Welcome ... to our collection of aromatic and medicinal plants of Cyprus.

There are over forty species planted in the garden of the restored village school-house, and with the exception of only four, these are plants indigenous to Cyprus, found growing naturally on the island. Indeed, six of the plants are endemics, being their only natural home.

The main text of this guide consists of a description for each plant in the garden, covering the appearance, habitat in Cyprus, and medicinal, culinary and other properties or uses of each plant. Please do not try any of the medicinal recipes quoted, as many of these are based on folk-lore rather than medical science! In the garden, each species is signposted, to aid identification.

Most of the plants in the garden are aromatics, they manufacture oils of rich fragrance which have a function in helping them survive the hot summer drought of the Mediterranean climate. The oils act to reduce water loss from the leaves by slowing evaporation and coating the leaves with a protective film. The oils also seeem to retard the growth of seedlings near the plant, thus ensuring that there are no competitors for precious soil water in its immediate surroundings. These same oils also afford protection from grazers, as most animals find them distasteful. Appropriately, concentrations of these essential oils peak during the stressful summer season.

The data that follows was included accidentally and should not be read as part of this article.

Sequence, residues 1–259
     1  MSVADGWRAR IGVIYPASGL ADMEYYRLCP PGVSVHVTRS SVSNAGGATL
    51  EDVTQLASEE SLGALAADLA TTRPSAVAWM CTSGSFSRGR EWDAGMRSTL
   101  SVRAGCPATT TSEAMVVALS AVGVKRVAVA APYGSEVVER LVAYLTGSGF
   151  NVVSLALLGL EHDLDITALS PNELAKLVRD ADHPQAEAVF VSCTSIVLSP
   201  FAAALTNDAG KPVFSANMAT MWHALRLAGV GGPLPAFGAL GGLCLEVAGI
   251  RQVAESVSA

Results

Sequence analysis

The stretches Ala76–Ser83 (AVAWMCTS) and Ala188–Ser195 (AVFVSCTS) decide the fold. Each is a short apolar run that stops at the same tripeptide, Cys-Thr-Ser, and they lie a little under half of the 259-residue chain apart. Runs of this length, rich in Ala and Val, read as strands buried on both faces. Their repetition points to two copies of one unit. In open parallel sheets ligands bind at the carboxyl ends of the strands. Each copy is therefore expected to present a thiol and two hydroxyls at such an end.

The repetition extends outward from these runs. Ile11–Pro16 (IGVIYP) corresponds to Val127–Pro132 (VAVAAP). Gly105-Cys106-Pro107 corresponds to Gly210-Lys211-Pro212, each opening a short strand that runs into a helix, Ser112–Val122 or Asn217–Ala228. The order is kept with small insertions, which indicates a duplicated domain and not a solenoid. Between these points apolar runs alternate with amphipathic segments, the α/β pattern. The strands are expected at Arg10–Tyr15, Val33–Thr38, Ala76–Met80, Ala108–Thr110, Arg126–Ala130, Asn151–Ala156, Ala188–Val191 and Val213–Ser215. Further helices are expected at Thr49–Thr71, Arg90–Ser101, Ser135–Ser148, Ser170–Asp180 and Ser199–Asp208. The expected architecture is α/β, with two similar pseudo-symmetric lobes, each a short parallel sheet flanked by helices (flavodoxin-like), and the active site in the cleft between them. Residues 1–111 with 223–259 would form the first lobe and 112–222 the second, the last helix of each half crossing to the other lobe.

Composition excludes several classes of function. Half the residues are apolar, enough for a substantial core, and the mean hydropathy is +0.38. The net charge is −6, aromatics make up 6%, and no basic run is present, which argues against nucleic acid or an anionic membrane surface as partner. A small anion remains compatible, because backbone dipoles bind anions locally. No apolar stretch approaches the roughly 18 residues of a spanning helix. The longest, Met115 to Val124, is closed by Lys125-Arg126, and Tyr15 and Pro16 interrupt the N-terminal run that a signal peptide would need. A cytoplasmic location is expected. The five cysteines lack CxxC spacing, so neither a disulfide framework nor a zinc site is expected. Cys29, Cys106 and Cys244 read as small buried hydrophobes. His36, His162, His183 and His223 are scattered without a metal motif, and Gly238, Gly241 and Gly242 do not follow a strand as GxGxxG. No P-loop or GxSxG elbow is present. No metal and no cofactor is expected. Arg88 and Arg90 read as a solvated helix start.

Aromatic plants are common in thickets of tall shrubs with scattered trees (maquis vegetation) or areas of scattered, low, spiny vegetation with patches of bare ground in between (garigue) where conditions are too harsh for forest growth. Man's activities in clearing forests, burning and introducing grazing animals have served to greatly increase maquis and garigue vegetation, at the expense of forest, in Cyprus. Suitable habitat for aromatic plants is thus probably more common now in Cyprus than under the natural, original, conditions of more forest cover. None the less, the habitats of many of the plant species in the museum are threatened by modern development, fire, overgrazing, overcultivation or re-afforestation with non-native trees. The conservation of these plants is vital to the maintenanced if a high biodiversity, and thus produtivity and stability, in the Cypriot ecosystem. These plants also have great potential for use in medical science.

Herbs, defined by herbalists as plants with medicinal properties, have been used by man since the days of hunter-gathering. Their primitive "trial and error" use of herbs developed further with the birth of agriculture and through trade and scholarship.

Herbs were widely used by the ancient Egyptians, Greeks and Romans. Herbalists were prominent in the middle ages, publishing many 'Herbals' referring to the medicinal properties of plants. The use of herbs declined with the beginning of the Industrial Revolution, but today their use is having a revival as part if the growing interest in natural medicine (including atomatherapy). Many old herbal remedies have been proven invalid, while others have been revived. Herb extracts are still used in modern medicine.

To the back of the garden museum is the Pano Akourdalia communtiy herb plot where lemon balm, thyme, oregano, peppermint, sage and lavender are grown to be dried and sold in the old school-house. At the back of the guide are some recipe ideas using these herbs.

The Chryseleousa Herb Garden is owned by the Pano Akourdalia community and was set up with the aid of the Laona Project.